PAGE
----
Dinmore, Leominster, Herefordshire, HR6 0PN
Telephone: 01568 797777
Review by John Lea - 15 June 2011
A mediaeval manor house that has been renovated several times through the centuries. Within the 1000 acre estate there are many paths but we had come to see the 12 acre formal garden, which was rescued from neglect in 1994. Over a 10-year period it has been remodelled and restored. It is hard to know what is original and what is new but the 150 year old wisteria tunnel is definitely genuine.
Arriving just before the10:30 a.m. opening time but a dark cloud and light rain persuaded us to open a flask of coffee and the newspaper and wait. Some time later the rain cleared and we unloaded my wheelchair and set off to the car park toilets. Arr… there were three steps and no hand rail. A quick dash to the ticket office, no concessions for electric wheelchairs but manual wheelchair carers go in free. "Where is the disabled toilets?" Was my urgent question. Through the gardens and across the park to the tea rooms was the answer. And off I dashed. May be it was under a quarter of a mile but it felt like a half mile. Therefore for those of you who cannot climb three steps without a hand rail and can't travel very quickly you need to plan your comfort stop well in advance.
That is the only downside to a superb accessible garden. Hardpacked, fine gravel paths, level and wide enough to take a wheelchair. In just one place plants hung too far over the path to let me pass. For those who like to take their time there are plenty of seats strategically placed.
I'm not mad on formal gardens but here there is an informality in the planting that is exhilarating. More sensory than many sensory gardens; one lady asked me where are the old-fashioned roses because she could smell them. Off she set like a hound dog on the Trail. The scent of catmint edgeing some paths tempted me to run my fingers through it until I saw how many bees I was disturbing. A bed of Lavender, although not fully open, sent its perfume across the garden.
There are two walled gardens with a third smaller one enclosed on one side with a thick hew hedge. Entering into the first there is a large vegetable growing area, and not just a token kitchen garden as in many country houses because this one group produce for the garden restaurant. The regular visitors that I spoke to praise the quality of the fresh food served straight from the garden. I was fascinated by the different crops and their management. At the other end of that first garden fruit trees under sown with wild flowers attracted more bees and moths. The second garden is quite formal in layout with an attractive water feature running right through the centre. Tall poppies mixed in the herbaceous borders provided the informality that I found so enjoyable.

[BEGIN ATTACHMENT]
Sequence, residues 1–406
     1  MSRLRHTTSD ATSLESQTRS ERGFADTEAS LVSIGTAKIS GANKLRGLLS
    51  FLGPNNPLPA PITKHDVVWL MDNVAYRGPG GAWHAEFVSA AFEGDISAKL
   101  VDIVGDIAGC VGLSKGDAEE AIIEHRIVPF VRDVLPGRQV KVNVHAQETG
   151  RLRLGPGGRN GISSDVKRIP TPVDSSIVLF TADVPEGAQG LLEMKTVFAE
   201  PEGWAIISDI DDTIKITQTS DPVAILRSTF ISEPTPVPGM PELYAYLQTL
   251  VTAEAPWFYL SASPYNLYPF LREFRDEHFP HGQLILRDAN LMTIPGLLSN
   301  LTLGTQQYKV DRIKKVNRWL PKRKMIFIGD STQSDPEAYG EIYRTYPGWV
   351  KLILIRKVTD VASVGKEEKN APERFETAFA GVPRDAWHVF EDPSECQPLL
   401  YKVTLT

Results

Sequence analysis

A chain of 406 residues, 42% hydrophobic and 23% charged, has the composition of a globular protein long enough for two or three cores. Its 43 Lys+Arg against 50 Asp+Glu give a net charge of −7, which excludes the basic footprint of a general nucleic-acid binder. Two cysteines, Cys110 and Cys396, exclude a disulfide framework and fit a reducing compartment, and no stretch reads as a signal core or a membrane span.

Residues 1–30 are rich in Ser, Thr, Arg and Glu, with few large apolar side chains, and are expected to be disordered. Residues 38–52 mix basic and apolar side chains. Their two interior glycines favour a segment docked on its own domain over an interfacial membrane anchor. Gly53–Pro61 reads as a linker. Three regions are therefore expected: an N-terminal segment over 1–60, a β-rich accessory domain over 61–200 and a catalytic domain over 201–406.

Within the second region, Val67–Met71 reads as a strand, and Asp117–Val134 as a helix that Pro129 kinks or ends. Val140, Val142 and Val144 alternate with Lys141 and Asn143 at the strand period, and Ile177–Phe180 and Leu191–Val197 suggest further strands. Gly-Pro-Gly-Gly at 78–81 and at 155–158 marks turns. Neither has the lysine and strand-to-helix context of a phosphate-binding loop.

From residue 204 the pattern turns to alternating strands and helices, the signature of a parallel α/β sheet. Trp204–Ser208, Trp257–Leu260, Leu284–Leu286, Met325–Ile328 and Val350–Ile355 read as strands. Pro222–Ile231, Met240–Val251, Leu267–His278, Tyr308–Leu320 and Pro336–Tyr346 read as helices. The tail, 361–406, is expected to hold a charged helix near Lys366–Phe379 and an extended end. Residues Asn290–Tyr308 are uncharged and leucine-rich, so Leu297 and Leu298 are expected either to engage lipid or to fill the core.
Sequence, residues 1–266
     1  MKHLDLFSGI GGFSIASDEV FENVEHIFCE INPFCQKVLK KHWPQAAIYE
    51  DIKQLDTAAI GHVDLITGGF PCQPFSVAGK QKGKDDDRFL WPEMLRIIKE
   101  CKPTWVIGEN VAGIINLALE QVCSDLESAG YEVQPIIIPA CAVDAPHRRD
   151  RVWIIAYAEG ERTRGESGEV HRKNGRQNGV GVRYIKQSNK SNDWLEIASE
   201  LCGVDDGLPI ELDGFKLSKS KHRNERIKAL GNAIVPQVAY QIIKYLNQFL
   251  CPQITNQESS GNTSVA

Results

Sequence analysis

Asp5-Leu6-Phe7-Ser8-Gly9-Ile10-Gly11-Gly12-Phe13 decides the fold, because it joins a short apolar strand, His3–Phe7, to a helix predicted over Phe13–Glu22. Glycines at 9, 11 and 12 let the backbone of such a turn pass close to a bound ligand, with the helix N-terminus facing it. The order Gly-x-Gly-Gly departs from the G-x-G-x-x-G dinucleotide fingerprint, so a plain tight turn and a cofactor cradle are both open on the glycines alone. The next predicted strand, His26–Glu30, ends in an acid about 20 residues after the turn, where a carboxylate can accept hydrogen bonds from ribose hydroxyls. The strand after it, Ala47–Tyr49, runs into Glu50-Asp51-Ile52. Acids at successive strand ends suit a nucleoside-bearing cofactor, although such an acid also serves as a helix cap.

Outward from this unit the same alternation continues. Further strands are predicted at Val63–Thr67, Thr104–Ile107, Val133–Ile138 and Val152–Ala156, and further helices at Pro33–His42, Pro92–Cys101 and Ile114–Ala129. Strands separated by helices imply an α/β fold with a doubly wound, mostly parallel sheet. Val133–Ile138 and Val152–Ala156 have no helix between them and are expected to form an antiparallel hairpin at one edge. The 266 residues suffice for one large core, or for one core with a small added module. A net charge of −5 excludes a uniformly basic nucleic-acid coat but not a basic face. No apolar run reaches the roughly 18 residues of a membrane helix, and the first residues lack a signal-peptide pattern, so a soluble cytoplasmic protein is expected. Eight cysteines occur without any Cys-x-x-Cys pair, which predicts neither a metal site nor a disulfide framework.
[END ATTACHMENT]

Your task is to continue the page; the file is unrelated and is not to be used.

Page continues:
There is a third smaller herbaceous garden before crossing the open parkland towards the tea rooms. A small sunken garden is not accessible to wheelchairs but it is possible to run along the lip and see most of it. There is also a large yew maze but when we reached the entrance a very dark cloud loomed overhead; not wanting to get lost in a maze in the rain we headed back for the car and a cup of tea.
Celia decided to wait in hope that the lights would improve. She wanted some photographs for her talk on famous gardens. "These are not famous gardens". Says I. "But they will be”. Was the reply has Celia set off with her cameras. Leisurely retrieving my wheelchair from under a big umbrella I realise that I had done it again. Too many cups of tea and comfort was about quarter of a mile away. Just opposite me behind the three steps loo was a large lime tree with leave laden branches trailing down to the floor. Ha……. comfort is where you find it.